Which is more important to the creative person, solitary contemplation or interaction with others? My previous post about introversion vs. extroversion kind of dealt with this, in that certain personality types tend to favor one or the other, and that both types are important to innovation.
In the video above, Steven Johnson makes the case for connectivity and interaction in a talk based on his book Where Good Ideas Come From. Creativity, he says, isn’t so much about conjuring things up out of nothing as it is about connecting other people’s ideas in new ways. Historically, cities that are culturally diverse have been the greatest incubators of innovation. These days technology is allowing us to create the greatest, most diverse worldwide virtual city in human history.
Or, to sum up this four-minute video in a single quote: “Chance favors the connected mind.”
I agree, and am pleased to be living in these exciting times. But we have to be careful. Even as our society favors extroversion over introversion, our technology favors connectivity over contemplation. If we want to keep contemplation (by which I mean intense and prolonged focus, and deep, undistracted thinking), we’re going to have to be deliberate about it. We must to create our own spaces (literally and figuratively) for it. Because it isn’t going to happen on its own, not here and not now.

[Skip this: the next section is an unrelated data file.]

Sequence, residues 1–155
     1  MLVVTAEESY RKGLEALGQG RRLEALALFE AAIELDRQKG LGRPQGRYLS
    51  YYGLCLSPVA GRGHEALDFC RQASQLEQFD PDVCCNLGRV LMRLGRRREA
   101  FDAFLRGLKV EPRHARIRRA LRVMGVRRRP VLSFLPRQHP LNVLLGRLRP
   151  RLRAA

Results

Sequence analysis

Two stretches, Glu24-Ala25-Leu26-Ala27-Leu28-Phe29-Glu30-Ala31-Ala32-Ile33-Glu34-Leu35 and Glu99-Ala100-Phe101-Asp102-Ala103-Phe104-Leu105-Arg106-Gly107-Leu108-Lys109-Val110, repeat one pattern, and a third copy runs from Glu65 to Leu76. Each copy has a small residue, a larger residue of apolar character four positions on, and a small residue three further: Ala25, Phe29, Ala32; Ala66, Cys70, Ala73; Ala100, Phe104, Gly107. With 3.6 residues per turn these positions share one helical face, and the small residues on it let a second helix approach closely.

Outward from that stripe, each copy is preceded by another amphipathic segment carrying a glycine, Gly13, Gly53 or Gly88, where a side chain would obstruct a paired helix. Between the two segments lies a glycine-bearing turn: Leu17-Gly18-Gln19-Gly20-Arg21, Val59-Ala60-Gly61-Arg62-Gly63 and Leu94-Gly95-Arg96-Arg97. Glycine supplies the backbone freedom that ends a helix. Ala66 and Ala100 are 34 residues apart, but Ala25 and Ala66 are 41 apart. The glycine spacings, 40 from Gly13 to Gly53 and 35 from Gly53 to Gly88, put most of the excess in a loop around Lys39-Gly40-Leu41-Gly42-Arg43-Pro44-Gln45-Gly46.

It may be as simple as shutting off your phone for a while, or as challenging as finding ways to clear your mind of intrusive thoughts, or restoring the discipline of the kind of slow, in-depth reading that the web’s tempting bounty tends to discourage.
That’s the other side to what Johnson is talking about here. Connectivity, yes, by all means. But don’t forget to carve out a bit of solitary, monk-like contemplation for yourself.